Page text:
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by MARLO BARNHART | December 10, 2003
marlob@herald-mail.com SMITHSBURG - The second annual Christmas church tour of a dozen historic houses of worship in Washington and Frederick counties will be Dec. 28. The tour, which has been sponsored each year by the Smithsburg Area Church Association, will run from 2 to 6 p.m. Last year, 14 churches participated and several dozen people turned out, some hoping to extend the holiday season and enjoy some good Christmas music,...
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NEWS
January 17, 2002
Counties' security expenses addressed By LAURA ERNDE laurae@herald-mail.com Washington County was in the flight path of the hijacked airplane that crashed in Pennsylvania on Sept. 11, Washington County Emergency Services Director Joe Kroboth told a state senate committee Wednesday. "It was only a matter of minutes before that would have been a Maryland disaster," he said. Kroboth wanted to make the point that rural areas like Washington County aren't immune to the threat of terrorism.
NEWS
By DAVE McMILLION | davem@herald-mail.com | April 11, 2012
Winter left a few late memories Wednesday when an icy substance known as “graupel” fell across portions of Western Maryland, according to the National Weather Service. Graupel is formed when snow starts to evaporate when it is falling, but then picks up moisture as it nears the ground, said Stephen Konarik, a meteorologist with the National Weather Service in Sterling, Va. When graupel hits the ground, it looks like a pellet. But unlike sleet, which is clear, graupel is white, Konarik said.
NEWS
by SCOTT BUTKI | June 4, 2004
scottb@herald-mail.com Two area hospitals have received grants from the Department of Homeland Security for decontamination chambers that could be used in the event of a chemical or biological weapons attack. Washington County Hospital received a grant of $103,540 to pay for three decontamination tents and equipment, spokeswoman Kelly Redmond said. City Hospital in Martinsburg, W.Va., received one decontamination tent valued at about $30,000, spokeswoman Teresa McCabe said.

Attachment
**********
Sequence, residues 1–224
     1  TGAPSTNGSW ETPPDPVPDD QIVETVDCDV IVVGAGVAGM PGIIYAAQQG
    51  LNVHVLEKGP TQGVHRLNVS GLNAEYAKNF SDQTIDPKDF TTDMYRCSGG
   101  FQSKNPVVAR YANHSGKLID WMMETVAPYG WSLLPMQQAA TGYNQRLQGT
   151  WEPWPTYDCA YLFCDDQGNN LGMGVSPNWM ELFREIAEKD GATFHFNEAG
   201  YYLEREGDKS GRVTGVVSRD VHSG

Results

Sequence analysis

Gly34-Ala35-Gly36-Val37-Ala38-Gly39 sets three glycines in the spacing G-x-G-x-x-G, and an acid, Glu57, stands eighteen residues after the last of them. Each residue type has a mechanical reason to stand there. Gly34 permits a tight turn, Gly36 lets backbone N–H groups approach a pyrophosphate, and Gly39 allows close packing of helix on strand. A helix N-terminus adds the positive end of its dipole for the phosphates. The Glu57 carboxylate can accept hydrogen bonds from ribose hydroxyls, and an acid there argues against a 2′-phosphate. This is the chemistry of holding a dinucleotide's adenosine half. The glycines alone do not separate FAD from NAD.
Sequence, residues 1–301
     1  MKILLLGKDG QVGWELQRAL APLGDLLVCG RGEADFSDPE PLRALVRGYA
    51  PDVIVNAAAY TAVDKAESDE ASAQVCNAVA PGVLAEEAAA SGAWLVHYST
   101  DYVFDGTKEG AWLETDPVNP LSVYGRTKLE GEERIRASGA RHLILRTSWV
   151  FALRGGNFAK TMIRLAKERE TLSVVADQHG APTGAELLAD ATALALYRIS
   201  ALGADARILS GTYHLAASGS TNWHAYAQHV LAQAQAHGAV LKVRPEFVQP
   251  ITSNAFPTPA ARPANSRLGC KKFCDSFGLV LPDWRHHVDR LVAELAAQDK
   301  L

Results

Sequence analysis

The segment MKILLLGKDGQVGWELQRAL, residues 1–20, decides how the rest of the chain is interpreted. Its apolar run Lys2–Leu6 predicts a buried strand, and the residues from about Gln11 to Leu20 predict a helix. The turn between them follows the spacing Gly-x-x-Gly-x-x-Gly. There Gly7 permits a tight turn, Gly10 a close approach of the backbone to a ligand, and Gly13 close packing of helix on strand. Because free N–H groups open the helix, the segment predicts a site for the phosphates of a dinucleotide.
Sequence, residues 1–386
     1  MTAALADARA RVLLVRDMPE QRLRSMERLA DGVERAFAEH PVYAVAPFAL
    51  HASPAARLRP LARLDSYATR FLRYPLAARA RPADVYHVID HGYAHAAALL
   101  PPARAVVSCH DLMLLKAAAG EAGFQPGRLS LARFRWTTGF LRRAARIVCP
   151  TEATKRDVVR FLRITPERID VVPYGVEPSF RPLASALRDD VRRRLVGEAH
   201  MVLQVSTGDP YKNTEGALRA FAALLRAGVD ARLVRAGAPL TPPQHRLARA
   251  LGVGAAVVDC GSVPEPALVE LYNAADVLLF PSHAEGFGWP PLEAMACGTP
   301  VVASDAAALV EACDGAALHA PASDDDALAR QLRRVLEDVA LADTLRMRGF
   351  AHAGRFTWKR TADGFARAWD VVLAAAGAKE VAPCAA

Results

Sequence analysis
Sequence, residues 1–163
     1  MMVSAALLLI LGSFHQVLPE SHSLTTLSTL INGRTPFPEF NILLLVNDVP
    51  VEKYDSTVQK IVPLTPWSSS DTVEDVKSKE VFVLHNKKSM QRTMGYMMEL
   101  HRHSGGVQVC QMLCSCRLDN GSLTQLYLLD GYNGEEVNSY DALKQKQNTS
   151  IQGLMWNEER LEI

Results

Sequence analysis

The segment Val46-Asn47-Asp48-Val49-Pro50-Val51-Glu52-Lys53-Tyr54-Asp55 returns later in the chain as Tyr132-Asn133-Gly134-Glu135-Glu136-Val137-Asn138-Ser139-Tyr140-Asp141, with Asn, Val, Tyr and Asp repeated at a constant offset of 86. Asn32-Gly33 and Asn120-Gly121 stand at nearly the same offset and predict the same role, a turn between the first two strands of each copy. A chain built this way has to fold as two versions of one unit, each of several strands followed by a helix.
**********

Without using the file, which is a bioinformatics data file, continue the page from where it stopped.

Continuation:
NEWS
July 19, 2000
Can we afford a baseball accord? A couple of weeks ago a nice reporter from CBS "Sportsline" called up to ask how Hagerstown's plans for a new minor league baseball stadium were progressing. He said he'd researched the story about a year ago, and wanted to see what had changed since then. After I stopped laughing I said "Not much. In fact, you could have researched this story five years ago and it would still be just as salient today as it would have been in 1995.
NEWS
by ANDREA ROWLAND | November 7, 2004
andrear@herald-mail.com THURMONT, Md. - The area that is now Catoctin Mountain Park in the northwest corner of Frederick County, Md., boasts an industrious, illustrious - and sometimes contentious - history. It was a hunting ground for American Indians and the homeplace of early settlers to Western Maryland; the site of bountiful resources for tanneries, sawmills, an iron furnace and other industries; a farming community in its high valleys; an early hot spot for tourists; a retreat for presidents; a training ground for spies; and a mecca for making moonshine.
NEWS
by TAMELA BAKER | October 12, 2003
tammyb@herald-mail.com The first thing to strike a visitor arriving at Trout Run is the soothing rush of the waters of Little Hunting Creek as they cascade over the rocks. It is striking because it's the only audible sound, even though busy U.S. 15 is only a mile away. The almost instant transformation from freeway interchange to primeval forest nearly takes one's breath away. The seclusion of the retreat has made Trout Run a favorite hideaway for a number of well-heeled visitors, including several U.S. presidents.
NEWS
by PEPPER BALLARD | June 7, 2006
HALFWAY After 120 years in business, Danzer Industries Inc., a small cargo trailer manufacturing plant in Halfway, has been forced to shut down and lay off about 70 employees because it can't keep up with the competition, an official with its parent company said Tuesday. "It had financial difficulties. The market in the trailer business is soft," said Marcus Kennedy, manager of manufacturing services for Obsidian Enterprises Inc., Danzer's parent company in Indianapolis. "We stayed on as long as we could," he said.
NEWS
by ANDREA ROWLAND | January 20, 2003
andrear@herald-mail.com Retired Washington County educator-turned-photojournalist Joe Byers said crafting a good story is like drafting a good lesson plan: They both need to catch people's attention and be interesting and informative. Since retiring in 2000 from his 30-year career as a principal and teacher in Washington County schools, Byers has devoted much of his time to writing stories for such outdoors-oriented publications as Field & Stream, Outdoor Life, American Hunter, Safari and Bowhunter.
NEWS
By ANGELICA ROBERTS | July 14, 2008
View the Moller Organ Co. slideshow. Editor's note: The following story about the M.P. Moller Organ Co. is one in an occasional series of stories about some of the treasures of Washington County's past. HAGERSTOWN - The M.P. Moller Organ Co., once one of the largest makers of pipe organs in the world, had a turbulent few years before closing its doors in 1992, but the memories and the beautiful music the company made live on. Company founder, Mathias P. Moller, was born Sept.
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